'US Missile Test Could Spark Another Arms Race'
July 7, 2008 - 8:08 PM
New Delhi (CNSNews.com) - The planned testing of a proposed US national missile defense system this week could spark another arms race, and India has indicated its willingness to cooperate with Russia in jointly developing a similar project.
Asked whether India would join a potential Russian missile defense system, Indian Defense Minister George Fernandes told reporters, "Once we reach such a situation, we will pursue it."
"The US should give up this whole exercise as it will lead to too many problems than one can visualize now," he added.
Fernandes was speaking on his return to New Delhi from a weapons shopping expedition to France and Russia. India has increased its defense budget for 2000-2001 by 28 per cent to $13.5 billion.
Fernandes said the planned test of the proposed American National Missile Defense system had come up in his talks with President Vladimir Putin and other Russian leaders.
"The concern is visible. No one made any bones about it. It was felt that the US was trying to alter the balance of power achieved in the post-Cold War era. Russia has already categorically stated that it [NMD] will create an imbalance," Fernandes said.
On July 7, the US plans another test of the system, launching one missile from a launchpad in California and a second to intercept it from a Pacific atoll 8,000 kilometers away.
The system is designed to provide a protective umbrella over the US by destroying an incoming missile warhead in mid-trajectory, a collision at closing speeds of 24,000 kilometers per hour.
The incoming missile is detected at launch by early warning satellites and tracked by ground-based early warning radar.
US officials have said the system would not be able to neutralize Moscow's strategic nuclear arsenal that still includes more than 5,000 warheads.
However, the American NMD system could significantly undercut or even neutralize China's far smaller stockpile, US officials added.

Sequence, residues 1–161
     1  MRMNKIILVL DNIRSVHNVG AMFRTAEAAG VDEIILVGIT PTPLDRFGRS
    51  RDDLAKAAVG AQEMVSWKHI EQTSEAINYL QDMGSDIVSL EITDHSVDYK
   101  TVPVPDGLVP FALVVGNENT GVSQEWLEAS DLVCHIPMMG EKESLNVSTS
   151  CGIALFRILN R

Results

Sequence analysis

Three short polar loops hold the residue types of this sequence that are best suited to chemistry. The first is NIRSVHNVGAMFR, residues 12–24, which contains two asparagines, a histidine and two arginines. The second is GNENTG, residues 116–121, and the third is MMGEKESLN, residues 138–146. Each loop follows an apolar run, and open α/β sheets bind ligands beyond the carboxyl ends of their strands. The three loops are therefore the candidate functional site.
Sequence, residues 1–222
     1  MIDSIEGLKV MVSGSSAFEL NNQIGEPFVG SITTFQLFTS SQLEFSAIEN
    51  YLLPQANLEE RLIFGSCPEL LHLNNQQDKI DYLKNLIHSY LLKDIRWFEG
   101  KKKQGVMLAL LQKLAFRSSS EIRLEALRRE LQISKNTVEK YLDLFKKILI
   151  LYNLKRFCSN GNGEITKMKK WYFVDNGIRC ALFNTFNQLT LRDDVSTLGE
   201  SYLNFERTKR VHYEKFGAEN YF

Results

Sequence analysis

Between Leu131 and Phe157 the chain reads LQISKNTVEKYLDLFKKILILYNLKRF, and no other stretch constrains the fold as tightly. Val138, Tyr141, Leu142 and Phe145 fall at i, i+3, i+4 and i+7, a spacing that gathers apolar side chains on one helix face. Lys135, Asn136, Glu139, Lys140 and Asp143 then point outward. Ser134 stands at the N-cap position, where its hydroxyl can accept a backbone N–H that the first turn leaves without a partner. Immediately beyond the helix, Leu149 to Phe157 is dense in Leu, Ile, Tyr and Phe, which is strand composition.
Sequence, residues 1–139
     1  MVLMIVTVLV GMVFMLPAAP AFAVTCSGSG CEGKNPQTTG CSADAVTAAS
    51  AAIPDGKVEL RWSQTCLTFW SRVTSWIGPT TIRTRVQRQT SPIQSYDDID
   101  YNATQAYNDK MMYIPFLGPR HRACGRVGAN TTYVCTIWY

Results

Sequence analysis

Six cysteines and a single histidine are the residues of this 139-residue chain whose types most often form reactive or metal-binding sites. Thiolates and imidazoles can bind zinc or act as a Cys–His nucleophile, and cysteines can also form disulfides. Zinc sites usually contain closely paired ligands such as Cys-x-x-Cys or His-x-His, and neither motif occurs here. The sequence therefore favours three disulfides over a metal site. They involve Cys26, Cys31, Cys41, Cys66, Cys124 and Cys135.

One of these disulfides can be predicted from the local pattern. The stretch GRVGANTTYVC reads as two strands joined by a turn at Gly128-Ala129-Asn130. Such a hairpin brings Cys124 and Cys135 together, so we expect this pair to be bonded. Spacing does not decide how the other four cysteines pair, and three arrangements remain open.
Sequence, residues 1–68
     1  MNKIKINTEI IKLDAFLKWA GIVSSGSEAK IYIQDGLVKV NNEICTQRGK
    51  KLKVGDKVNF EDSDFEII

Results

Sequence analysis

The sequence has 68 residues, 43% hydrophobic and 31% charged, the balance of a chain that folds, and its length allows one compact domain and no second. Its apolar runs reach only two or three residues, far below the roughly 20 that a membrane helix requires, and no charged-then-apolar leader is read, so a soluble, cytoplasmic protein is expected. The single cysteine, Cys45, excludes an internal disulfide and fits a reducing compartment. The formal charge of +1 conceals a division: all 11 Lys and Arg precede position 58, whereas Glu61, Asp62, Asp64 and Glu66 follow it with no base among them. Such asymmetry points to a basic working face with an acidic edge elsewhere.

Defense analysts in India warned the NMD could set off yet another arms race.
"The missile defense system will prompt the Chinese to build up their strategic force beyond what they had previously planned in order to ensure that it remains viable," predicted analyst RK Sharma on Wednesday.
"Though the expanded force of nuclear-tipped, long-range missiles of Beijing might not be directed at India, it would be a capability New Delhi cannot ignore, and as a result, India might build up the short-range missiles to defend against China," Sharma said.
Another analyst, GK Gupta, said, "It would be in India's strategic interest to strengthen ties with Russia and express its opposition to Washington's move."
"India was a close ally of Russia during the Cold War," Gupta added. "New Delhi should ally for geo-political reasons with Russia and Beijing. And this axis could counter the balance of power if the US went ahead with the tests."
Putin, Jiang Stress Opposition
Russian and Chinese leaders who held talks in Tajikistan Wednesday reiterated their opposition to the US NMD proposal.
"The leaders spoke about the fundamental importance of maintaining the strength of the 1972 ABM [Anti-Ballistic Missile] Treaty," Kremlin spokesman Sergei Prikhodko told reporters after the meeting between Russian President Vladimir Putin and Chinese President Jiang Zemin.
China and Russia say the proposed shield, aimed at blocking missile attacks by "rogue states" like North Korea and Iran, would threaten existing arms control agreements by violating the ABM Treaty.